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Old 10-05-2019, 10:08 AM   #1211
BBCWatcher
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Join Date: Jun 2010
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Are you OK with just S&P 500 instead of IWDA, since most giant global companies are US listed anyway, and no point having stagnated Japan and European markets as significant part of it.
The late Jack Bogle made this particular argument, at least for U.S. investors in the U.S. context.

I think there are a couple viable, sustainable stock markets outside the United States, so no, I wouldn't go that far, and the S&P 500 index isn't quite the right one for these purposes anyway. The Dow Jones U.S. Total Stock Market Index, formerly known as the Wilshire 5000, is better. Bogle had this index in mind since that's the one Vanguard tracks in VTI. But it's an interesting, provocative point of view, especially if you add the ADRs.

I'm certainly not concerned that anybody is "missing" anything if they don't have 0.12% of their portfolio invested in the top 10 stocks listed in the Ukrainian stock market, for example. Don't worry about it. If there's a great new business born in the Ukraine, it'll work its way into IWDA or VWRD at some point, and you'll enjoy the ride, too.

Consider our own backyard for a moment: Singapore. Singapore is a developed country, and it's prosperous and doing rather well in national economic terms. Is the SGX doing well? No. The real Singaporean economy is outperforming the SGX, and the new, born-in-Singapore companies that are growth prospects (may or may not be realized) aren't listing on the SGX. There are plenty of companies doing plenty of business in Singapore that aren't listed on the SGX (but are listed elsewhere), and that divergence is increasing, not decreasing. For all intents and purposes you should ignore the location of the stock markets and just focus on the real businesses you're investing in. If you want to invest in businesses that do most of their business in Singapore, then a STI fund (ES3, G3B) is pretty good in that particular role. Not absolutely perfect; nothing is. However, ES3 and G3B aren't capturing "new Singapore" in business terms because the SGX isn't.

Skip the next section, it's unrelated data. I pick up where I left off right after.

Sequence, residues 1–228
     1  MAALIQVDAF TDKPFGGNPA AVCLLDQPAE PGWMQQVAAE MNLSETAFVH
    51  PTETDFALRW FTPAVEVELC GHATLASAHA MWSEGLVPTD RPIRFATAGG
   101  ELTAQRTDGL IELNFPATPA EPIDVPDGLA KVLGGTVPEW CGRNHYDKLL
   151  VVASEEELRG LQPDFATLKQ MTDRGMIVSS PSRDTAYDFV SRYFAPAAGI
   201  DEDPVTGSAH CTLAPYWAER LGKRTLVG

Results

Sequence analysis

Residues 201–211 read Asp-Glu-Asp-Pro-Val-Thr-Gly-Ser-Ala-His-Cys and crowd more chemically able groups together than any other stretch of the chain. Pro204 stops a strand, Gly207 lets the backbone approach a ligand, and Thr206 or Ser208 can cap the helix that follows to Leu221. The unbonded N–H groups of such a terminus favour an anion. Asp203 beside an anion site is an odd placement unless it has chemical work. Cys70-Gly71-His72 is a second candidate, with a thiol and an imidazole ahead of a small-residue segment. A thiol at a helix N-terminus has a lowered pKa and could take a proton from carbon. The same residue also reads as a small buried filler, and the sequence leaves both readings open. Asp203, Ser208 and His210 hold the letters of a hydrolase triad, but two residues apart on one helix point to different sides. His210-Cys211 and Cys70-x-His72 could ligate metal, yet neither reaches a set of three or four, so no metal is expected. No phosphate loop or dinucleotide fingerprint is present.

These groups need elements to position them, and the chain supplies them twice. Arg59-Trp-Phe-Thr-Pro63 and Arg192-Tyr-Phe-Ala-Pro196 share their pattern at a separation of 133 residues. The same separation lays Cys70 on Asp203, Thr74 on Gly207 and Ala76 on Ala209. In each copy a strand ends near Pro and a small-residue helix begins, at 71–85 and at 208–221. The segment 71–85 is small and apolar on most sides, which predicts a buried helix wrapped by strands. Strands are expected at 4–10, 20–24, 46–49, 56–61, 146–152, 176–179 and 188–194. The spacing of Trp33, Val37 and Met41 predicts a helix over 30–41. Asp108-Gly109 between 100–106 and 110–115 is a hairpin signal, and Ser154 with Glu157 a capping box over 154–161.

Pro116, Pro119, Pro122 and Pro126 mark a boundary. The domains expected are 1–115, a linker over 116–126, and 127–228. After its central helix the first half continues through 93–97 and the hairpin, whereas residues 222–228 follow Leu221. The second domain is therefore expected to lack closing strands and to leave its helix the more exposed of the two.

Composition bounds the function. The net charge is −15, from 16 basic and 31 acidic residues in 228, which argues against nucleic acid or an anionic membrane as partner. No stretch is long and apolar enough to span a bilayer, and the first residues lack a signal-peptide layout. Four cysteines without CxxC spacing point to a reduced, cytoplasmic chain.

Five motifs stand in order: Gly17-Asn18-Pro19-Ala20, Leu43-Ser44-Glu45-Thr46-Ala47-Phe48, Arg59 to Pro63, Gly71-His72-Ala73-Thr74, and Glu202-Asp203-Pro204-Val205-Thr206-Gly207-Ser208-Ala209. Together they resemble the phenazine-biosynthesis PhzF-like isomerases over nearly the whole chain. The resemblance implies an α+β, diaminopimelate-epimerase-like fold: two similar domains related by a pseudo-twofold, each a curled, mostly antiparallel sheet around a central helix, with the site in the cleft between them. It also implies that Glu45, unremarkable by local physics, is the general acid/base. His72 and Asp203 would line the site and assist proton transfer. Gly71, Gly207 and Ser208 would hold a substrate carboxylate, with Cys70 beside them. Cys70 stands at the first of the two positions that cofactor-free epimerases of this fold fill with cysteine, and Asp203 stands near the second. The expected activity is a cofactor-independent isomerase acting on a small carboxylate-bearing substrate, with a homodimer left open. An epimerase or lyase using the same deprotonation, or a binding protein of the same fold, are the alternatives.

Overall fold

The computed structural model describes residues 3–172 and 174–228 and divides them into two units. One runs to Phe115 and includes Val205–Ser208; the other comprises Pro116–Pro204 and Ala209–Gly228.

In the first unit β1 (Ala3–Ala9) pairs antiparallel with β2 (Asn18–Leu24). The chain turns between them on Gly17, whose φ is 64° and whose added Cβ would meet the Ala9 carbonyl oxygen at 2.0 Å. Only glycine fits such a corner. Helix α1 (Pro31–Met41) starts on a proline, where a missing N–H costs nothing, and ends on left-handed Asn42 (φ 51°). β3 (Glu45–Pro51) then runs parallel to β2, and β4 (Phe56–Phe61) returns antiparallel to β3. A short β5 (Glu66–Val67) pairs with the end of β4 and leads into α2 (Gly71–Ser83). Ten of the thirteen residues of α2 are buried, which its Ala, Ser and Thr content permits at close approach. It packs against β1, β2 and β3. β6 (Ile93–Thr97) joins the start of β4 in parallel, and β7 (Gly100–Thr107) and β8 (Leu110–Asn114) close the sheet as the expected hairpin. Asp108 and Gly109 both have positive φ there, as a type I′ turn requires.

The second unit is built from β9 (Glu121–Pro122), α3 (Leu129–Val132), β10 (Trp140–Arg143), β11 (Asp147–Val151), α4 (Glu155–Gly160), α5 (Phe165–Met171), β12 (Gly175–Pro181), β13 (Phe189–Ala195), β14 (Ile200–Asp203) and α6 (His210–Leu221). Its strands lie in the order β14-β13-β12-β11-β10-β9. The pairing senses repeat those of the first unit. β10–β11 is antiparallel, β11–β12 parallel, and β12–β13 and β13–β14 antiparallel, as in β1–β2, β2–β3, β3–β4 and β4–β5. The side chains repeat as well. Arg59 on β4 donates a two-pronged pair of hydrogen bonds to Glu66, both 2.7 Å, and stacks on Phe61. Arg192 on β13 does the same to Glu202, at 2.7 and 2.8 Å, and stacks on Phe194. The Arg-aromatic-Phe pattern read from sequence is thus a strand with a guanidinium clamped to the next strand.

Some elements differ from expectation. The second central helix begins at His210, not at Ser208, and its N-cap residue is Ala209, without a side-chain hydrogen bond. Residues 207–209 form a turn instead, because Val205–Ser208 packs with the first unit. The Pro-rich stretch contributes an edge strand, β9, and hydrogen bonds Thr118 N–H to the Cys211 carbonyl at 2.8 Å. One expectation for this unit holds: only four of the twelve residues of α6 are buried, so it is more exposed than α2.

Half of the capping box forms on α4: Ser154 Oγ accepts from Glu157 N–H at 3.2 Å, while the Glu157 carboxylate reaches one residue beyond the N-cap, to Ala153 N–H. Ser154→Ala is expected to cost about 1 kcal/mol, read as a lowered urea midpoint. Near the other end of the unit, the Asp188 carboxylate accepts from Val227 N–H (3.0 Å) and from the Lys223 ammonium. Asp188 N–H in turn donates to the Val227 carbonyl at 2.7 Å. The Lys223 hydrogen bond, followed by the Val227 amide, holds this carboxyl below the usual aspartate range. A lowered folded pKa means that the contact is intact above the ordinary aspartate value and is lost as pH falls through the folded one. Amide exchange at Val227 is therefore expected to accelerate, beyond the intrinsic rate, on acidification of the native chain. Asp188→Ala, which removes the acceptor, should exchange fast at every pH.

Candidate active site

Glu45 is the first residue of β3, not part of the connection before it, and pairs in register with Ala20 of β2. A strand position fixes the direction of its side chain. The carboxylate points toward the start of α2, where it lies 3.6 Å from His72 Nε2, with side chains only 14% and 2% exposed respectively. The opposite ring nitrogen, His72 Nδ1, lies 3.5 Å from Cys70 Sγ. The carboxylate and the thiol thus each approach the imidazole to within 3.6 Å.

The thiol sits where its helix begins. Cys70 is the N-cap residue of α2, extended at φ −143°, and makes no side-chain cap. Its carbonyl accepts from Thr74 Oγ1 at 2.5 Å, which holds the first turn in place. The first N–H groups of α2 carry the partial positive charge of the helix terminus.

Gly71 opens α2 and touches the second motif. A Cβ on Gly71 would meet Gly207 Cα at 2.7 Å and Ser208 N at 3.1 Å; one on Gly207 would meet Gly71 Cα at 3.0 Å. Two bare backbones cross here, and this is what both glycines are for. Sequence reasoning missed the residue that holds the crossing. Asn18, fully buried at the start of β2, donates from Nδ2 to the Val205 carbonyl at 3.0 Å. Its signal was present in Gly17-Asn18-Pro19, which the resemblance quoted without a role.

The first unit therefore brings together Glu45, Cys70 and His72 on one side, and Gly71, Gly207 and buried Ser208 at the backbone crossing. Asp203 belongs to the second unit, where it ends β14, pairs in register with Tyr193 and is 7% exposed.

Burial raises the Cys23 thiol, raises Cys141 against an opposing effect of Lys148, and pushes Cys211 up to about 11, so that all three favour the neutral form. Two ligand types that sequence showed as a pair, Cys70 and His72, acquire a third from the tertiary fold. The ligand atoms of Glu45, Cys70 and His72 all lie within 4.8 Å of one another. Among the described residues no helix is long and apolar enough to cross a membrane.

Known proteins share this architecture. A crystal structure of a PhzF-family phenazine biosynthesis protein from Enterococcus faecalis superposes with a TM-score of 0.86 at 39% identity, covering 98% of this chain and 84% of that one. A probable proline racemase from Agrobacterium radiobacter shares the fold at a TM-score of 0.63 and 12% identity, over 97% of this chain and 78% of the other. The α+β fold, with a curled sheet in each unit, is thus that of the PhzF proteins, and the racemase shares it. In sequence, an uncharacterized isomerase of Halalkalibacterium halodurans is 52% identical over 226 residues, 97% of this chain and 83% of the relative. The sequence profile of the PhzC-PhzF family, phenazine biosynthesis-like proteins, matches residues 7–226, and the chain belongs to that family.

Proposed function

Last edited by BBCWatcher; 10-05-2019 at 10:20 AM..
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